The militarization of the Border cuts through indigenous territory, dividing families and tearing apart communities. Fifteen security towers are being built by the Israeli security company Elbit through Tohono O’odham land, which is crossed by the US-Mexico border. The increased surveillance, check points and aggressive arrests have forced migrants to take more dangerous, remote paths, where they are vulnerable to attacks and extortion by the cartels, running out of provisions, and getting lost. Some are abandoned in the desert because they are too sick or weak to keep up with the others. These dangers happen both in Mexico and across the Border.

After the refugees are arrested, “Operation Streamline” uses fast-track criminal prosecution in Tucson federal courts to turn desperate refugees into convicted criminals en masse. About 70 refugees are brought together into the court in chains for deportation hearings. Their feet are shackled, and their hands are handcuffed, then shackled to chains around their waists. In 15-30 minute meetings with a lawyer on the day of their court hearing, they are told that they could plead guilty to illegal entry or illegal reentry and receive a sentence of 30-180 days in prison. If they plead not guilty and go to trial, they are told that the charge would become a felony and that they are unlikely to win. They receive no information about applying for refugee status. They are processed in groups of seven to ten and say “yes” or “no” to a series of questions posed by the judge. Dehumanized, chained and shackled, the refugees are treated like slaves, deprived of fundamental rights. The End Streamline Coalition is monitoring and fighting these assembly line proceedings and the criminalization of migrants.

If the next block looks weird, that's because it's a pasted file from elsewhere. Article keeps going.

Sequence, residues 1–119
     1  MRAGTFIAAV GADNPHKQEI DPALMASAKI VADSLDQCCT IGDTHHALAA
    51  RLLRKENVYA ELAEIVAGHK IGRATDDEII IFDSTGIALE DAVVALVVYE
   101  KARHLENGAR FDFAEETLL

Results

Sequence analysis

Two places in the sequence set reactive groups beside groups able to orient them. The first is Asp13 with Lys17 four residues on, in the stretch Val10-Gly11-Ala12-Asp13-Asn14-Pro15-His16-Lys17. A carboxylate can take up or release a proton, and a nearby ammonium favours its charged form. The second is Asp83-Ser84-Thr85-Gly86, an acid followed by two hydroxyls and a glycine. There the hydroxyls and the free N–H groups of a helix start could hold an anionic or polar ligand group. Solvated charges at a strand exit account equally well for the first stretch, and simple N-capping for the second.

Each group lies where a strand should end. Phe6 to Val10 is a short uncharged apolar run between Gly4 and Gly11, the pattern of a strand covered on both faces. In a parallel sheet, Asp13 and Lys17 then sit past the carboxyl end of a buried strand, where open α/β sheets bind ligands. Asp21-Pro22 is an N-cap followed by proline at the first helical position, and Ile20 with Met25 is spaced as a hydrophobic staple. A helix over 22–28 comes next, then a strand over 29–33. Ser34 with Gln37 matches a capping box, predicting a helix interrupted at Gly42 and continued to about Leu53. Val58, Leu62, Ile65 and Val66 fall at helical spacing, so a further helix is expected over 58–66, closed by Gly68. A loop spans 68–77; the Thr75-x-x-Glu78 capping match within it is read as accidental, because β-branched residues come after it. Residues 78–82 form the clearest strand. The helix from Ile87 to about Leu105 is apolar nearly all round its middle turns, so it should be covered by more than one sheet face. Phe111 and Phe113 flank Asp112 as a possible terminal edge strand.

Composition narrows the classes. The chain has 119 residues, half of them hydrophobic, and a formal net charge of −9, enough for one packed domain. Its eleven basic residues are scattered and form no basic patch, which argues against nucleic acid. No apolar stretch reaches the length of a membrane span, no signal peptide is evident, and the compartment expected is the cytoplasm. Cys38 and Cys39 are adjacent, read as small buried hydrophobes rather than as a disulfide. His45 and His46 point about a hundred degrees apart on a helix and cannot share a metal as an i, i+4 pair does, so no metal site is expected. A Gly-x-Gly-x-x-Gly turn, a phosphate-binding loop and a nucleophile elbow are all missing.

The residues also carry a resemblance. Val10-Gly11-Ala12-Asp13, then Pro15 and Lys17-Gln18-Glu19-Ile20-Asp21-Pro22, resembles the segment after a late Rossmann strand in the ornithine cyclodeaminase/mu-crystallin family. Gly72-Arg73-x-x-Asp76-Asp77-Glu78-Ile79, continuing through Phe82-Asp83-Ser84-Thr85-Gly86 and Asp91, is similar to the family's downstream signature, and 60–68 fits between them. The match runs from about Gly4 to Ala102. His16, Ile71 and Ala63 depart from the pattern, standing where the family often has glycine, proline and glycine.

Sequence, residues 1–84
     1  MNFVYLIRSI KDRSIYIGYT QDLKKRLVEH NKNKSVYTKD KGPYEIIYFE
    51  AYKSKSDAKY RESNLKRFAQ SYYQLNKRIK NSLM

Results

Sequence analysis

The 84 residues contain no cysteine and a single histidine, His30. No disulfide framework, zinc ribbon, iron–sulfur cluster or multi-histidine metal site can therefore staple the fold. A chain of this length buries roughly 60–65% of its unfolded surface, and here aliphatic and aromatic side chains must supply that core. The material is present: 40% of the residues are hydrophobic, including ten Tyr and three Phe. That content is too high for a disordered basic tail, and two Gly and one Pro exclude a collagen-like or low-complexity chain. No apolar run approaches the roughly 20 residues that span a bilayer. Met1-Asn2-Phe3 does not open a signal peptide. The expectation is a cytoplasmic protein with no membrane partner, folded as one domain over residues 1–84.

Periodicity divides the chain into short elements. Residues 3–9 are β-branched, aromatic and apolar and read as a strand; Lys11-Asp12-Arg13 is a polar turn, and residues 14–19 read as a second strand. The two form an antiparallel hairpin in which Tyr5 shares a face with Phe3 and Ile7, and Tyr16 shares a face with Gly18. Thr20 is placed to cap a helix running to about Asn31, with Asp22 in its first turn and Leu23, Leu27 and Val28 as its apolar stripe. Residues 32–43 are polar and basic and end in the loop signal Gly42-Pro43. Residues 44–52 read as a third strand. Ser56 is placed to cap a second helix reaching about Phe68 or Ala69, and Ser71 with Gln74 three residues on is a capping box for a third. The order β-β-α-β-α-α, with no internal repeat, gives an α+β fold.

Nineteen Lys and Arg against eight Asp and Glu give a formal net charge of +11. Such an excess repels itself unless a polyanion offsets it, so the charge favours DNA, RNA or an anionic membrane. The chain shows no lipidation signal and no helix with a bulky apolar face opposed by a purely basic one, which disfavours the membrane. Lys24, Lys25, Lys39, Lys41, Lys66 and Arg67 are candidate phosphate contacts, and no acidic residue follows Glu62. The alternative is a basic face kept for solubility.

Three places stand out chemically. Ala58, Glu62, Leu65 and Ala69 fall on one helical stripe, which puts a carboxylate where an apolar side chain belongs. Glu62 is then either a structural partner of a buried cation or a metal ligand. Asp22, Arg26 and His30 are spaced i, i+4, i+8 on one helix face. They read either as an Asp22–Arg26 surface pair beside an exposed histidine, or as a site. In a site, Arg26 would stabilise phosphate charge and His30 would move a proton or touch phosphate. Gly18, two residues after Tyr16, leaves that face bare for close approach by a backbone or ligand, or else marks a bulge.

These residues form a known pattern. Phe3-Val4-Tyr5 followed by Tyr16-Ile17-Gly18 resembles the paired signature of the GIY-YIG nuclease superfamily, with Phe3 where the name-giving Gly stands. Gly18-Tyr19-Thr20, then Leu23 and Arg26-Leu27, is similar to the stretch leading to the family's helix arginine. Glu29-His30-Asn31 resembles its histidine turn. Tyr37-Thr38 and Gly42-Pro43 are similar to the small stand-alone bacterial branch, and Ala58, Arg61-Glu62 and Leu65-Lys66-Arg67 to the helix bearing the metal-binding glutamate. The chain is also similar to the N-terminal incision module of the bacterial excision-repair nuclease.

The convicted refugees are transported to private prisons which profit from their incarceration. At the prison, their clothes and remaining belongings are stored. When the migrants are released from prison, they are deported without their belongings, which they are required to pick up later, though they are not allowed to reenter the US.

After the migrants are released at the Border in Mexico, they gather penniless, often sick and weak, at shelters to figure out their next steps. These are the lucky ones who survived the perilous journey.

The border region is littered with dead bodies and body parts, which are stored in refrigerated units at the medical examiner’s office in Tucson. The Colibri Center for Human Rights, located in this office, tries to match the remains to the reports of missing family members. Between 1999-2012, 2269 migrant bodies were found nearby the Mexican-US border and stored.